The results of his lawless dictates are not mere laws, because they are the pure expression of his faith in “America” and in himself (in himself as America and America as himself) as divinely justified will to power. It’s uncannily appropriate, in this regard, that Adam Schiff, Jerry Nadler, and Nancy Pelosi (two Jews and a Catholic) led the charge against Trump in the House of Representatives. At the same time, this misleadingly makes it seem as if the conflict were really one between non-Protestants and Protestants. To the contrary, it is a question of whether faith is seen as strictly opposed to law or as maintaining a complex interdependence with law, as Mitt Romney maintained on February 6th, demonstrating that this most simple-minded, binary version of Christian “faith” — versus law — is not inevitable within Protestant traditions or subjects.
The illusion that religious “identities” are essentially at stake in turn blends into the impression that the conflict is one of non-whites against whites, women against men, foreigners against Americans. The rhetoric of the right wing connects its phobic relation to law with racist and masculinist xenophobia by associating all non-white-male “minorities” implicitly with the law and regulatory constraint, since rights to equal participation are not only guaranteed by law but represent the principle of law as the principle of justice.
Trump’s reference to “manifest destiny” in his State of the Union address on February 4, 2020 confirms this, in the address to his “base,” effacing the properly fundamental stakes, which concern the equation between leadership, lawlessness, freedom, and spirit as American, white, and male. “America” supplements Christianity here as the “Aryan race” supplemented Christianity in National Socialism: in each case, a national spirit replaces the infinitely interpretive legal text of the Jewish faith as foundation for Christianity, which means replacing the idea of a hermeneutics of justice with the idea of the will (the “free will” as such) of a national identity conceived as a race, a place, and a sex. Law, which is always open to interpretation, implies mediation, representation, deferral of presence, uncertainty, and the partial disruption of actions. These aspects of law induce panic in a populace wanting the immediate certainty of their self-presence, which their national religion and the cult of free Personality seem to guarantee them.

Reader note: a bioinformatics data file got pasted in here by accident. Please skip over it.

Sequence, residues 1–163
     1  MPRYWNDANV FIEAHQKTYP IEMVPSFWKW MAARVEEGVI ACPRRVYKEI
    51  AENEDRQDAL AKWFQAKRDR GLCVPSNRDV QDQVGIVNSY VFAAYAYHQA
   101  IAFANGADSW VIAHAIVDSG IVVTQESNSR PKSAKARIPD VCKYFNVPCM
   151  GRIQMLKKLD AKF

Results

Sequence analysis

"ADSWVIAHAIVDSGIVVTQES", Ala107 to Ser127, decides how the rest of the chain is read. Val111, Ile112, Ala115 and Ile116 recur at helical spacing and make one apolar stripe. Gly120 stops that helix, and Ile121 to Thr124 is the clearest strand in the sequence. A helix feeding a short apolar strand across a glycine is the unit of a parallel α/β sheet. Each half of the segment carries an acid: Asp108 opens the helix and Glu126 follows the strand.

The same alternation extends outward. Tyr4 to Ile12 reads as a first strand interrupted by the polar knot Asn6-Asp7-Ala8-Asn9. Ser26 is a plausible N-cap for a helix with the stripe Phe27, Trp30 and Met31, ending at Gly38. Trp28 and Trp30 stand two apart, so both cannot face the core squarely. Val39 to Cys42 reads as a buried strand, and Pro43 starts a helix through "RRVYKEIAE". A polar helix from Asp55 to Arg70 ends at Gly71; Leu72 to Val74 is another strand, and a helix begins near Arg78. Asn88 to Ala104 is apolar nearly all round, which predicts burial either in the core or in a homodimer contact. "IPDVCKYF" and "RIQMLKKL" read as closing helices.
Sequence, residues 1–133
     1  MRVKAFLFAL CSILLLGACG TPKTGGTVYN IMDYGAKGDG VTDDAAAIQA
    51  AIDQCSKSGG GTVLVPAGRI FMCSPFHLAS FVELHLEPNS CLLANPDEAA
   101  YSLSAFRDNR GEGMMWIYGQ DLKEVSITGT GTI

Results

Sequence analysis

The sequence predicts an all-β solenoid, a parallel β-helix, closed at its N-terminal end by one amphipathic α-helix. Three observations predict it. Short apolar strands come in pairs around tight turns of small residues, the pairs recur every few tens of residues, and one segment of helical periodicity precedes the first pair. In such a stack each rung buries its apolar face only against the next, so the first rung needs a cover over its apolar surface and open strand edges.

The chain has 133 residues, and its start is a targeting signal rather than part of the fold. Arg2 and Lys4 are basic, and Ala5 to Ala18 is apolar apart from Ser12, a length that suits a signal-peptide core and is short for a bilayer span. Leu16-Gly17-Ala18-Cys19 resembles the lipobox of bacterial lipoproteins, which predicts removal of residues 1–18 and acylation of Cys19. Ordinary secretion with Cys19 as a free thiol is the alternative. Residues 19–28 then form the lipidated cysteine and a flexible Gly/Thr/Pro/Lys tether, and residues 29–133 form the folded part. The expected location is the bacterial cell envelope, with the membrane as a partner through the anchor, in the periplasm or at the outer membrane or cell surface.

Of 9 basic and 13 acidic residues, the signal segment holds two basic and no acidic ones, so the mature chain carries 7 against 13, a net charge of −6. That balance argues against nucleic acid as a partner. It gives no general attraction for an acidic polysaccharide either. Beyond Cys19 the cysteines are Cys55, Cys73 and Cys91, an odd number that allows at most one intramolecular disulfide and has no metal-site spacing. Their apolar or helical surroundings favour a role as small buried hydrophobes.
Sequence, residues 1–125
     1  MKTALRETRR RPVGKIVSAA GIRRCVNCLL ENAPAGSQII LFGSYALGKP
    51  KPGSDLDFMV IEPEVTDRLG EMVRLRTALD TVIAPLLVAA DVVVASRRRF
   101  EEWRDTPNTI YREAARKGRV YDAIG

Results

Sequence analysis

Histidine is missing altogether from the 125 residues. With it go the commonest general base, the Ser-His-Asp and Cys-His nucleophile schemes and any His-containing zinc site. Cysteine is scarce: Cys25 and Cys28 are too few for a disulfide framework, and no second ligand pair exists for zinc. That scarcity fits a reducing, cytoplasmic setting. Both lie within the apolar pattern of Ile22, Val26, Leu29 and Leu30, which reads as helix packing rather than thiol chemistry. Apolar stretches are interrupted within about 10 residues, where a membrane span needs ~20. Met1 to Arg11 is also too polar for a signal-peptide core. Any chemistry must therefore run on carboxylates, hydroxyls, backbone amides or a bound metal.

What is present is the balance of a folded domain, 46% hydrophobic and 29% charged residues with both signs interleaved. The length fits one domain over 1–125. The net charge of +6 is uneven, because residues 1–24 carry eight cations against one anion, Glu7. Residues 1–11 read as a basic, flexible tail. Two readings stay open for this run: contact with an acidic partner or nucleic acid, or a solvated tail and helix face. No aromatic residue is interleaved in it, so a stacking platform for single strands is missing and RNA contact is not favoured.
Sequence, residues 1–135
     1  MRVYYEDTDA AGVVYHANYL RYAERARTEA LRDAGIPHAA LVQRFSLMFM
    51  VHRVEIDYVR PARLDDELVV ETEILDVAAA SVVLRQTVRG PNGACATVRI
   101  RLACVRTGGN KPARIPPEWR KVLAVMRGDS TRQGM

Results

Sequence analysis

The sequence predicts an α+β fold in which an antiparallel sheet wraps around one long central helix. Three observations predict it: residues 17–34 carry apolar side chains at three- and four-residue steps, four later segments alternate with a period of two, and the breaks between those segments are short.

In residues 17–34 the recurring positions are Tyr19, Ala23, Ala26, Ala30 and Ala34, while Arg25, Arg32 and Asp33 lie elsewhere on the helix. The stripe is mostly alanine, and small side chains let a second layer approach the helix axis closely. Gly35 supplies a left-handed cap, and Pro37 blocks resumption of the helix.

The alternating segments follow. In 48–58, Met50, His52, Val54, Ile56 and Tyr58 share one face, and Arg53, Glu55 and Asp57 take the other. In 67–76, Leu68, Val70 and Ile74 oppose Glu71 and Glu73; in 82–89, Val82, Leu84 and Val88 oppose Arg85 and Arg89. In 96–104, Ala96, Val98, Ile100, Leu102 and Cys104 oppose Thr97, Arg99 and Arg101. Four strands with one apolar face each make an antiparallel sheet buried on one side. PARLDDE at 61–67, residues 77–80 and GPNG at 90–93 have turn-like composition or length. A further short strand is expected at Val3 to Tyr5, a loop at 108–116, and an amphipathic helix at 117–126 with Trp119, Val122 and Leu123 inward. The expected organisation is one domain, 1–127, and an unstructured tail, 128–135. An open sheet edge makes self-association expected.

My point, then, is simply that, in light of these three interlocking, right-wing ideological principles — that Leadership presupposes lawlessness, that lawlessness is the condition of freedom itself, and that lawless freedom is the condition of spirituality in the American Christian sense — one cannot argue effectively against Trumpism by arguing that the Leader is not above the law. The predictable and predicted failure of the impeachment in the Senate — although it can be attributed to many particular causes — proves this, by which I don’t mean to argue that the impeachment in the House was not necessary and good. I mean rather to contribute to a sharpening of our understanding of why it had to fail in the Senate, with the Republicans in general, and with Trump’s base especially, by whom evidently almost all other Republicans have been terrorized or otherwise seduced into submission. The right-wing answer (albeit somewhat silent) is: “to the contrary, no real Leader is subordinate to the law, and anyone who is subordinate to the law cannot be a Leader! No so-called ‘leader’ who claims to be within the law is either free or an American Christian. No such fake ‘leader’ can be our Leader, for we are the American Leaders of the free, Christian world!” Indeed, this ideological complex undergirds many of the particular positions for the protection and support of which many Republicans who might find some aspects of Trump’s chaotic transgressiveness repellent continue to support him. It will thus be necessary to render comprehensible to the American public why lawfulness is necessary to leadership, why freedom cannot be lawless and remain freedom, and why lawfulness maximizes freedom by ensuring equality. No small task.
Jeffrey S. Librett is Professor of German at the University of Oregon